A lot of times, these sorts of situations make me think of the Romance Novel Catch 22 - There are no good romance novels because when a novel is truly "good," it's no longer marketed as a romance - because there are no good romance novels. That's why my local Chapters considers Jennifer Crusie's novels to be "Women's Fiction," which is ridiculous.

Anyway, American Heiress has a basic concept quite familiar to readers of historical romance (Lisa Kleypas' books in particular) - Cora Cash is a fashionable, spoilt, free-spirited and unbelievably wealthy heiress who is taken abroad by her mother in order to land an impoverished British aristocrat to marry, essentially "purchasing" his title and the cachet that comes with it.

Cora agrees to the scheme mainly out of guilt. Back in New York, she thought she was in love with Teddy Van Der Leyden, the scion of a less-wealthy but incredibly old-school New York family, but when her mother's head literally caught fire at the sight of them kissing (I'm not kidding, you have to read it to believe it), Cora assuages her guilt by crossing the Atlantic.

And, entirely by accident, she succeeds at her plan - by falling off her horse in a wood belonging to Ivo, Duke of Maltravers, a handsome, duty-bound aristocrat with a mountain of debts and a crumbling estate. After a brief, sudden courtship, they are betrothed, and after a money-drenched spectacle of a wedding, Cora finds that adjusting to traditional English life is not as simple as she assumed.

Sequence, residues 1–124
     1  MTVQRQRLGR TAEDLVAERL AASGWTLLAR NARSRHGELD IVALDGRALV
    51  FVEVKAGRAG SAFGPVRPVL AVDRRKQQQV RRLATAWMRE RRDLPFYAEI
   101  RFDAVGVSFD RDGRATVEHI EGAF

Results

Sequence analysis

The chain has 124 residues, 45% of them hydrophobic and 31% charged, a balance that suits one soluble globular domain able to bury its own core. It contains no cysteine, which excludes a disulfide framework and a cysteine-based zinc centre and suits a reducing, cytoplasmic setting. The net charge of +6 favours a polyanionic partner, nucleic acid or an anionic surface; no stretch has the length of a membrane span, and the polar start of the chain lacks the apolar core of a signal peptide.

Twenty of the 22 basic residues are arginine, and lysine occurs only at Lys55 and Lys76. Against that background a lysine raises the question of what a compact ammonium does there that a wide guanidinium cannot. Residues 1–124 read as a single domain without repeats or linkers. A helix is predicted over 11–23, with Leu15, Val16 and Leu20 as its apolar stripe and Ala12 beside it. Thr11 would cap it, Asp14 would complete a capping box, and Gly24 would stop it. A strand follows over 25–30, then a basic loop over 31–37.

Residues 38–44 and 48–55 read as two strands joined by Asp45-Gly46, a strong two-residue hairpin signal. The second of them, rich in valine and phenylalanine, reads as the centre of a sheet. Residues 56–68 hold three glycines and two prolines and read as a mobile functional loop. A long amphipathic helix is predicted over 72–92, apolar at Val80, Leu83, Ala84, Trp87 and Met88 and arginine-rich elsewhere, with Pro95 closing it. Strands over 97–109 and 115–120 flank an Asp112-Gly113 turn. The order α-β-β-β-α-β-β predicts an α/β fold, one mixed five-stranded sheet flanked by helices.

Again, romance readers will know exactly where this is going. Culture shocks abound - Cora realizes she cannot buy tradition and history, something her husband and his friends value highly. Ivo has a Dark Past that would do any Alpha Romance Hero proud - he's got a Bitchy Whore Mother, a Bitchy Whore Ex-Mistress, and a Mysteriously-Dead-In-An-Accident Older Brother. And nobody's really sure, least of all Cora, if Ivo's Bitchy Whore Ex-Mistress is really an Ex at all.

It's a delightful book if you love opulent detail, high-society shenanigans, and ssssecretsss. Since this book is almost-but-not-quite a romance, the story has the liberty to explore a larger circle of characters instead of entirely focusing on the main two. The points of view gracefully bounce around most of the main characters, allowing the reader a peek into everyone's particular story. There are lots of secrets and angst, so believe me, even though the book begins with Cora paying her maid $75 to make out with her and a woman in a dress made out of lightbulbs spontaneously bursting into flame, it's not all downhill from there.